Green: Some people look at our fractured media environment—where groups don’t even share facts to argue over—and see nefarious forces at work, like the Russians manipulating Facebook or consistent left-wing media bias.
You argue something different: that individual behavior makes it impossible to have a conversation across ideological divides. How do you reconcile your view with these kinds of structural analyses of the vast forces that pull America apart?
Jacobs: Conspiracy theories tend to arise when you can’t think of any rational explanation for people believing or acting in a certain way. The more absurd you think your political or moral or spiritual opponents’ views are, the more likely you are to look for some explanation other than the simplest one, which is that they believe it’s true.
One category that’s gone away in America is “wrong.” Nobody is just “wrong.” They’re wicked, they’re evil, they’re malicious, they’re the victims of these vast subterranean forces.
But sometimes we get things wrong, because politics is hard. Knowing the right policy in any case is difficult, because you’re having to predict the future and the variables are astronomically complex. But we want to believe that it’s obvious what to do to fix our social problems.
Green: So what’s the boundary? How do you decide which ideas, people, and ideologies should be considered morally unacceptable?
Jacobs: I’m probably going to regret this later on, but I’ll give you an example from the Christian world. A group of conservative evangelicals recently posted this Nashville statement about sexuality and transgenderism, as they call it. That was like a line in the sand. The idea is that now it’s time for you to decide: Are you with us, or are you against us?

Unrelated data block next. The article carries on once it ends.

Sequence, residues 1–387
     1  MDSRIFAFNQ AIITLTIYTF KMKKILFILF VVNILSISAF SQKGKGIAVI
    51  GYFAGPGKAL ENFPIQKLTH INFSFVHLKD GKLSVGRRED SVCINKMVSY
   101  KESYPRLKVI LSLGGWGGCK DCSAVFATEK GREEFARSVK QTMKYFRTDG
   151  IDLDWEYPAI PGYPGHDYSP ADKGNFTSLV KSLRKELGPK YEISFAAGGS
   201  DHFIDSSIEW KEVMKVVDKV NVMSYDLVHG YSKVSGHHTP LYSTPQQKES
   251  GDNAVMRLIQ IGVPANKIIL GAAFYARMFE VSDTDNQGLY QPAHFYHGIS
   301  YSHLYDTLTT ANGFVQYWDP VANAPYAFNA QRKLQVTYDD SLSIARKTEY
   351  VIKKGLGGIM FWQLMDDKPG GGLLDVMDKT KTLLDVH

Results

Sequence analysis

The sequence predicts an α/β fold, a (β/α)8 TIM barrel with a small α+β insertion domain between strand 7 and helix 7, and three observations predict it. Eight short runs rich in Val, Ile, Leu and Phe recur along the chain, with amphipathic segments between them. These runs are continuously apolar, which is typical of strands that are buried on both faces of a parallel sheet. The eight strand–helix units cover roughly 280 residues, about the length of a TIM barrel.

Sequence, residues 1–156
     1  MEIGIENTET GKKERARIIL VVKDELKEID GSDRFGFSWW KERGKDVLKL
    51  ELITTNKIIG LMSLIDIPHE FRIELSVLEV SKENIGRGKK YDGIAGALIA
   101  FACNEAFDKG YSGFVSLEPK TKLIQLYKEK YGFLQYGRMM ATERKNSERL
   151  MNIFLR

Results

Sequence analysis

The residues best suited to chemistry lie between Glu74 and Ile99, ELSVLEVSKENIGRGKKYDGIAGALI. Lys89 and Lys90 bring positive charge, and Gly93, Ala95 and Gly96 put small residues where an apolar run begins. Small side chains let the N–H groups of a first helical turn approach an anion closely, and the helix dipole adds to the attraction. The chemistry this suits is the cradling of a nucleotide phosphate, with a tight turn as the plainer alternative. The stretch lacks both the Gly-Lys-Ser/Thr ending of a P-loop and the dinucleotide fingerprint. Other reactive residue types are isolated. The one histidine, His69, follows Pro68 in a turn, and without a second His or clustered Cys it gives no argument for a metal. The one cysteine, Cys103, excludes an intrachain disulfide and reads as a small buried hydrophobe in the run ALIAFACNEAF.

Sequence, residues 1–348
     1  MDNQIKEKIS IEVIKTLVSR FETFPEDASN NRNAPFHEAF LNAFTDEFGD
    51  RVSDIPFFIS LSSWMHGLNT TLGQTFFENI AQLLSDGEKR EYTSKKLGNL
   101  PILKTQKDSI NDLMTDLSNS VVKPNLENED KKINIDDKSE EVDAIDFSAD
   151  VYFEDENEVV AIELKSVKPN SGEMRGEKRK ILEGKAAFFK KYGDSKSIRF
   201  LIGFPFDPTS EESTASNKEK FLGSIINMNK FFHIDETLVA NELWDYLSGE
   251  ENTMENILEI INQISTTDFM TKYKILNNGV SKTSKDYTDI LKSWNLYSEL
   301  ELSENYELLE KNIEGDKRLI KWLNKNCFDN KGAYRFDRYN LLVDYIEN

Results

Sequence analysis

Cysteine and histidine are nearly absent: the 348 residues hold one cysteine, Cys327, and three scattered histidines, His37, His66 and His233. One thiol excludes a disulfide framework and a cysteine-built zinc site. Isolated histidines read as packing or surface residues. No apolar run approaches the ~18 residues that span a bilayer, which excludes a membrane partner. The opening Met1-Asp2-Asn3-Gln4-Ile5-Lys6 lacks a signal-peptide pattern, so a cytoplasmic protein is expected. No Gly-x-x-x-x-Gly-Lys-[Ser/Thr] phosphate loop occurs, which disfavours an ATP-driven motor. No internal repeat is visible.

Almost at the same time, I read something by a young lesbian woman who had recently been married, who was essentially saying to her friends, “If you attend churches where gay and lesbian Christians are not completely welcomed and affirmed, you’re not really an ally. So you need to decide: Are you on our side, or not on our side?”
I’m looking at that and thinking, “So, where is the space where Christians who find this complicated or difficult can talk?”
When people are drawing lines, saying, “I have settled this issue, and I want to be with other people who have settled this issue,” I think there can be really, really bad consequences. That’s saying, “I’m not interested in having that conversation anymore.” Sometimes, being a grown-up is realizing that there are issues you’d rather not talk about that you’re going to have to talk about.
Green: Do you think people are obligated to engage with an opposing viewpoint if enough people hold that view?
Jacobs: I do think that’s true. When a position is really widely held, it’s not really a safe option to deem it out of bounds. Practically speaking, refusing to deal with it can be a way of yielding the floor to people whose views you find repulsive.